Engineers and scientists at Cardiff University are working with partners to deliver microneedle technology that provides contraception to women in the world’s poorest countries.
Supported by the Bill & Melinda Gates Foundation, the Cardiff-led research consortium will focus on pre-clinical work to develop microneedle patches that have the potential to be painlessly and inconspicuously administered by the user themselves within a few seconds and can last for up to six months.
Cardiff University’s School of Engineering and School of Pharmacy and Pharmaceutical Sciences have secured funding for the project that brings together partners from academia, NGOs, charitable bodies, and NHS Trusts.
Industry partners InnoCore Pharmaceuticals will utilise its biodegradable polymer platform to develop microneedles exhibiting the required mechanical properties for effective and painless puncturing of the skin, followed by contraception delivery for up to six months.
According to Cardiff, socio-economic and cultural barriers are preventing women from obtaining contraception even when they want to plan or prevent pregnancy. There may be a lack of awareness of the risk of becoming pregnant, and some may be deterred by the cost, inconvenience or concerns about side effects. Many simply lack access to effective methods of contraception.
The Bill & Melinda Gates Foundation is funding research to address these issues and to develop practical and effective methods of contraception that are centred around the needs of the user. The grant will allow the consortium to assess the technical feasibility, usability and acceptability of the self-administrable contraceptive microneedle patch for use in the countries that need it most.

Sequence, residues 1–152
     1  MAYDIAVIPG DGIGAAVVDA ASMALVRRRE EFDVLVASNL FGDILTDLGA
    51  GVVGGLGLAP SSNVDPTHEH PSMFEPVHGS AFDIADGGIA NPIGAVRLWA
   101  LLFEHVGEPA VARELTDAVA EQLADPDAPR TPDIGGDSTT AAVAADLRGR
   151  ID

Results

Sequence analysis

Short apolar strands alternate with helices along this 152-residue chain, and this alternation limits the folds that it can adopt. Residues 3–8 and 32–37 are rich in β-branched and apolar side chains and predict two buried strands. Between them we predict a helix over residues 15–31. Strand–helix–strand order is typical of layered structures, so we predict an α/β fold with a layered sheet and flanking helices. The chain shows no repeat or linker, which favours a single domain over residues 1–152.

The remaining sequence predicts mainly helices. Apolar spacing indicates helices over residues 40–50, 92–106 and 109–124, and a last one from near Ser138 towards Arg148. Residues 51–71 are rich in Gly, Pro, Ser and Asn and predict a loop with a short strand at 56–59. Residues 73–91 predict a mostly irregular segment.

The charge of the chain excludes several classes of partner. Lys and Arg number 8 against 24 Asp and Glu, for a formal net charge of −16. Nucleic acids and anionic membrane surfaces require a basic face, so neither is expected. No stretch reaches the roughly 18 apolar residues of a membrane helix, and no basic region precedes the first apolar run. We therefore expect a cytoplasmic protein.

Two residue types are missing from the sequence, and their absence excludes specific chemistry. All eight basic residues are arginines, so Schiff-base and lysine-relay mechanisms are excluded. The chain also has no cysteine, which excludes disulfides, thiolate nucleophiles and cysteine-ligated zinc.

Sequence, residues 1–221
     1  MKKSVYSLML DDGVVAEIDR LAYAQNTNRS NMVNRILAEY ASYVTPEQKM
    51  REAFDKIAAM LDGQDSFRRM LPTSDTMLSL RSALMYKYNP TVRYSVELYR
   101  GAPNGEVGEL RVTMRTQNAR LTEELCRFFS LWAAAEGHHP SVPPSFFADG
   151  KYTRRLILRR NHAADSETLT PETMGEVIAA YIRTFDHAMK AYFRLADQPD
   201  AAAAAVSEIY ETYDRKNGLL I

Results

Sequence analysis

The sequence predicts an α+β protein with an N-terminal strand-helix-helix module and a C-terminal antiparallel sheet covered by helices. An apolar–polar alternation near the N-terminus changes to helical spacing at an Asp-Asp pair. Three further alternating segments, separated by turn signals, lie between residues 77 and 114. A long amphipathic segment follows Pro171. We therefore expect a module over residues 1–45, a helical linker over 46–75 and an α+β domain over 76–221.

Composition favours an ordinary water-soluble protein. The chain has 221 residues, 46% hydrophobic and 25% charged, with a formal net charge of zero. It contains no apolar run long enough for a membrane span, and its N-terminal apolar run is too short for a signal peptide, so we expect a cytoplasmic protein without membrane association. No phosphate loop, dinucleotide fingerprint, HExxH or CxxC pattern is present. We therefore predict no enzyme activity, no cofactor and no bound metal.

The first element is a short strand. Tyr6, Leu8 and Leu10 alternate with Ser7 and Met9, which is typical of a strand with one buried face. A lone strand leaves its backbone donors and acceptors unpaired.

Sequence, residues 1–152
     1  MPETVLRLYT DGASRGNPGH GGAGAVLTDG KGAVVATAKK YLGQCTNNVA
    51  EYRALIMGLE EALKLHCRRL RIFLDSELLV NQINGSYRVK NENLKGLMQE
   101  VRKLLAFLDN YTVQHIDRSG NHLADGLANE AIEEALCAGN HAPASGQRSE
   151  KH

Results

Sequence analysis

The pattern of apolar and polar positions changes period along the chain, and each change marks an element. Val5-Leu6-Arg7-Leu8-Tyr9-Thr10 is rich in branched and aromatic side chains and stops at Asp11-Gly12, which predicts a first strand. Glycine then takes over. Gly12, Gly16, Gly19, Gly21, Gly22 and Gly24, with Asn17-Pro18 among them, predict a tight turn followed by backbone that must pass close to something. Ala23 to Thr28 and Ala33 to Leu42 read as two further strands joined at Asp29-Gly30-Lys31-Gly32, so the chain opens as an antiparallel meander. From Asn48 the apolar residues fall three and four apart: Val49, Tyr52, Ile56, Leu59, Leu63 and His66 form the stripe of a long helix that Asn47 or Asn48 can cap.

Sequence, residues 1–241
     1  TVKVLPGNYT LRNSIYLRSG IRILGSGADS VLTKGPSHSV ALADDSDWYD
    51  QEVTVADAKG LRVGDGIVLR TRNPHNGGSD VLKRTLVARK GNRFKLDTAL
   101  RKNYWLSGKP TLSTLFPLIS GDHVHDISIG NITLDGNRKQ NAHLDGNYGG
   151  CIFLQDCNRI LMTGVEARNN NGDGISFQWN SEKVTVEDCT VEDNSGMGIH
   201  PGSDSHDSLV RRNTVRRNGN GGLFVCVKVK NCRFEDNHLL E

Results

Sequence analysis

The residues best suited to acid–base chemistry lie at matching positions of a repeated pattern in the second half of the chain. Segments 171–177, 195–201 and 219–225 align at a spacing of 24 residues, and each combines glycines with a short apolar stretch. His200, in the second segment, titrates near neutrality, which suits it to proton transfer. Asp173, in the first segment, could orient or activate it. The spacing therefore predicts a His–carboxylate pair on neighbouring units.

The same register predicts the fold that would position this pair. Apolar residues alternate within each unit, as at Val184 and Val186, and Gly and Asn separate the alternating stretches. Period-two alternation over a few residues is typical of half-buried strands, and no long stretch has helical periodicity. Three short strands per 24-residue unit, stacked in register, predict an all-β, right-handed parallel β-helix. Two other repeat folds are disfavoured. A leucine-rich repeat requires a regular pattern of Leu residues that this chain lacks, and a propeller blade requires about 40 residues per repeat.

Leading the project with Dr Sion Coulman, Professor James Birchall, from Cardiff University’s School of Pharmacy and Pharmaceutical Sciences, said: “Voluntary family planning is something that many of us take for granted but in some of the poorest countries women and girls don’t have this choice.”
Currently, two of the most popular methods of contraception in low and middle-income countries are injections – which are effective for three months – and implants, which last for three years. These methods are invasive and in the case of the implant, requires a skilled professional for insertion and removal, which can contribute to women not accessing these forms of contraception.
If successful, the programme will lead to an affordable long-acting contraceptive that combines easy and painless self-administration with full bioresorption, thereby avoiding the need for removal surgery.
By the end of this 18-month project, the usability, acceptability and feasibility of this new microneedle contraceptive patch will have been evaluated.